Traffic: After living in America or Europe for a long time, we get used to the smooth flow of traffic and the traffic rules. We know, it is not the same in India. There are just way too many cars and bikes on the road, compared to what we are used to abroad. And remember, the more aggressive drivers make their own traffic rules, most of the time.
Not the same old neighborhood: I wrote a full article on this recently, the home we left behind many years ago is not the same, neither is the neighborhood. The old friends have moved on with their lives. The shady tree next to the pond is gone, so is the pond. It is not the same India you left behind decades ago. Time changes everything. The past is long gone – even in India!
Kids hate it: many parents return to India to raise their kids in Indian culture speaking Indian language. However, the whole experience is very hard on kids. The language, the new place, the new surroundings, the power cuts, the crowd…the whole thing overwhelms them. They like India for vacationing, but forget the permanent living part. Continue reading “R2I Surprises await the returning NRIs”
It is human nature – to be nostalgic.We like to think about and romanticize the past memories. But, the past is long gone – even in India!
If you listen to the first generation of Indian Americans abroad – especially those who migrated long time ago – they paint a very bright and rosy picture of their past memories of India:
“Those were different days – happier times. We never cared much about anything – anything but friendship and good company. The schools were like never end-ending parties – a meeting place where all the good and bad schemes were hatched…”
“All summer we played cards under the big shady tree next to the pond…and, when we got bored of cards, we played marbles, or took a nap on a cot. No air-conditioners could compete with the monsoon soaked eastern breeze of summer days. Those were the days….!” Continue reading “NRIs’ misplaced nostalgia of good old days”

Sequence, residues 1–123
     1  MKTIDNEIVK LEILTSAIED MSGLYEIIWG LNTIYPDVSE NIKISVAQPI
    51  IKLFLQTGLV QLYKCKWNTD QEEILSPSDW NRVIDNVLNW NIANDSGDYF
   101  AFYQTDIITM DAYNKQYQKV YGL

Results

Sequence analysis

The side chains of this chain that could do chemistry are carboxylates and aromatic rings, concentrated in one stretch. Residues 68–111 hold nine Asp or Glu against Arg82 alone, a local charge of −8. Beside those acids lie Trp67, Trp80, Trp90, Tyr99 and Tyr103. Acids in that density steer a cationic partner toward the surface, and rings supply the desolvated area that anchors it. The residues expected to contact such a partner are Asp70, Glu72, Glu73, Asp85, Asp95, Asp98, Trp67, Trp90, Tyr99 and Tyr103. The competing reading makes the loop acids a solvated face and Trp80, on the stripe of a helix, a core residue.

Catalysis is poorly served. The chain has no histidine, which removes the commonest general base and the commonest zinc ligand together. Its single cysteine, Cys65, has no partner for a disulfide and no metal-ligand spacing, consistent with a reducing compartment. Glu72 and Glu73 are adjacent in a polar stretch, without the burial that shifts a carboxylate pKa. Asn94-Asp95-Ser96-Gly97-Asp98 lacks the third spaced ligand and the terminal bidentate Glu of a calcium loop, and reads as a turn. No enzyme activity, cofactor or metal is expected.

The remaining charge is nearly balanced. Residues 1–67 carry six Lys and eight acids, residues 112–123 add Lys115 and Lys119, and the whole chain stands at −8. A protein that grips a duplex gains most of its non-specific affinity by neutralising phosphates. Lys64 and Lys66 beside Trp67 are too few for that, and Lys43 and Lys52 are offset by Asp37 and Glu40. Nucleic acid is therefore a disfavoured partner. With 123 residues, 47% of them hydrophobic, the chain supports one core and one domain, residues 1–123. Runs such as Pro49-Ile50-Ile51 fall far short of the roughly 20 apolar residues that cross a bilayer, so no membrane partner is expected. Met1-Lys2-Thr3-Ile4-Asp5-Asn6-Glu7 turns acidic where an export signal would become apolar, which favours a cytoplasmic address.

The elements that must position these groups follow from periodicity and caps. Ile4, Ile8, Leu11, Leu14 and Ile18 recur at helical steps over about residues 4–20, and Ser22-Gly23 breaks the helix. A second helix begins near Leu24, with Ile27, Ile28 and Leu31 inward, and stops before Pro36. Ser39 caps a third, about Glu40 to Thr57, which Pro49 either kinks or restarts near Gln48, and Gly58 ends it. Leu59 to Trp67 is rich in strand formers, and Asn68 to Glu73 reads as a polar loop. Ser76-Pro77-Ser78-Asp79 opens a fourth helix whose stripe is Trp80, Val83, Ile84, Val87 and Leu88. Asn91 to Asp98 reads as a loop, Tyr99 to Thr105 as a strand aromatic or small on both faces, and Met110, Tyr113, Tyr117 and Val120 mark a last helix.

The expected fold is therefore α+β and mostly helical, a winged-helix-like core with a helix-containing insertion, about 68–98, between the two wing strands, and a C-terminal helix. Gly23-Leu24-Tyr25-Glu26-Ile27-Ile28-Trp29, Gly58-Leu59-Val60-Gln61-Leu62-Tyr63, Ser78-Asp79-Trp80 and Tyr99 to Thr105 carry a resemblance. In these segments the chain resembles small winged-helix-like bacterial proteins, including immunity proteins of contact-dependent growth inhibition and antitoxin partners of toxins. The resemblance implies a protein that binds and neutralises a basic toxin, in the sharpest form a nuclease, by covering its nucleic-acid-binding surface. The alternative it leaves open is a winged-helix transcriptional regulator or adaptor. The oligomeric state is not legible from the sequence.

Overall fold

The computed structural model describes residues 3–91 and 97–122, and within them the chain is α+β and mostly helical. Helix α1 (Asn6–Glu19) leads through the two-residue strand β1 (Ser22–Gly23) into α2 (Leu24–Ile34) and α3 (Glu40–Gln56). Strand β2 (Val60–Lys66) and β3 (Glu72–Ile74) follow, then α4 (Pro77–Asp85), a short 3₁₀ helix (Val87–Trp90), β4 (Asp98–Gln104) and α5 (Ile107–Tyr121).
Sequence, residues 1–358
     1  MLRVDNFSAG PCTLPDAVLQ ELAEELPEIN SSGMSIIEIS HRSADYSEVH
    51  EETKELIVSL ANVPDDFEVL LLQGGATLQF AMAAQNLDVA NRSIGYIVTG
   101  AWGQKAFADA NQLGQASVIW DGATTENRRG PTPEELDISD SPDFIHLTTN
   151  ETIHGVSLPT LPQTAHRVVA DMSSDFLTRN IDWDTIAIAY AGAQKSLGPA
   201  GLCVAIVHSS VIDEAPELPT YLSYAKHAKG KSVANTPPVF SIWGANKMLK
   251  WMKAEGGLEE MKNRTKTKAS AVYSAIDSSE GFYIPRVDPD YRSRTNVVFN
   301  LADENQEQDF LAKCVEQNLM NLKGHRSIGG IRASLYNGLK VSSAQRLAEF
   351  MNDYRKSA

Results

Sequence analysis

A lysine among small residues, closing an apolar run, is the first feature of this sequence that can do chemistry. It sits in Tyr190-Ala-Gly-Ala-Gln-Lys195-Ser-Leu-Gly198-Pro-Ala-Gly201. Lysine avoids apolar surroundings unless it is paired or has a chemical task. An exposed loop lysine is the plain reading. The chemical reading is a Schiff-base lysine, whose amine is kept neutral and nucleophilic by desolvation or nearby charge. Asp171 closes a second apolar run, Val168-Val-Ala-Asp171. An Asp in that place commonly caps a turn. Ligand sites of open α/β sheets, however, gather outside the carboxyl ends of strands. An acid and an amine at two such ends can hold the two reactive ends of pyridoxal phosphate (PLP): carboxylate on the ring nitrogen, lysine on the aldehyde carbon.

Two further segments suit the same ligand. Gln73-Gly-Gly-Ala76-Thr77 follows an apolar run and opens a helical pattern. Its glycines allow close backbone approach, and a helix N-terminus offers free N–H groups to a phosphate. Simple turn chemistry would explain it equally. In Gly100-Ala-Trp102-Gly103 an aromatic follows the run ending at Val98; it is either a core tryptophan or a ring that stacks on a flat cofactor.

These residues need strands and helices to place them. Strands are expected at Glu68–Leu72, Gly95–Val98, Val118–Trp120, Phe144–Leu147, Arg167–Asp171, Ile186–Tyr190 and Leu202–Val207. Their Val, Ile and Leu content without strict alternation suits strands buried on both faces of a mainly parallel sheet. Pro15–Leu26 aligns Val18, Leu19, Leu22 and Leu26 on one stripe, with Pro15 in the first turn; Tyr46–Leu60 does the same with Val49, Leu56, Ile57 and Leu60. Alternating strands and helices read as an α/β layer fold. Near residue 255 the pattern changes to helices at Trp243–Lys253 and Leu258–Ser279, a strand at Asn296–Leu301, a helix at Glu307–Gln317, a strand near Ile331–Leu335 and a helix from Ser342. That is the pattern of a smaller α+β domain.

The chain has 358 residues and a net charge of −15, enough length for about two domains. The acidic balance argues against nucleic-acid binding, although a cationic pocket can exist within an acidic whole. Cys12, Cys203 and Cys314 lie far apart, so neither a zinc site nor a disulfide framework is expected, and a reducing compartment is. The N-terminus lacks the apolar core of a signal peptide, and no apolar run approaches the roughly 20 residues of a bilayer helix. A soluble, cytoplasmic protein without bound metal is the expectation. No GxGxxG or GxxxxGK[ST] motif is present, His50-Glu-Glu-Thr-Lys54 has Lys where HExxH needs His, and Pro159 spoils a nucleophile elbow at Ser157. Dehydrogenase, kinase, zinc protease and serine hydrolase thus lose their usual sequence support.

Main R2I (Return-to-India) reasons for NRIs abroad
Over the recent years, a reverse trend is starting to take shape. A large number of overseas NRIs are returning home, and many more are considering the option. The reasons for R2I – return to India – vary from personal to business to emotional; some of the main ones are:
More job opportunities in a booming Indian economy: As Indian economy keeps on growing, year after year; there are more opportunities available in India compared to old days. The IT field continues to expand, creating demand for international professionals. The economic revolution that started in 1991 has reformed India into one of the major players on the world stage.
Slow down in America and other developed countries: The global markets are going through some of the worse economic recessions of all times. The unemployment in USA is at its highest in many decades. The bleak outlook in job markets and uncertain future abroad is one of the reasons for many immigrants to consider returning home.
Going back ‘Home’:The sense of belonging makes a big difference when deciding on the future path. It feels good to be back and going back to the roots. Being a part of our own culture, our own society is a major psychological boost. Continue reading “Why do NRIs return to India?”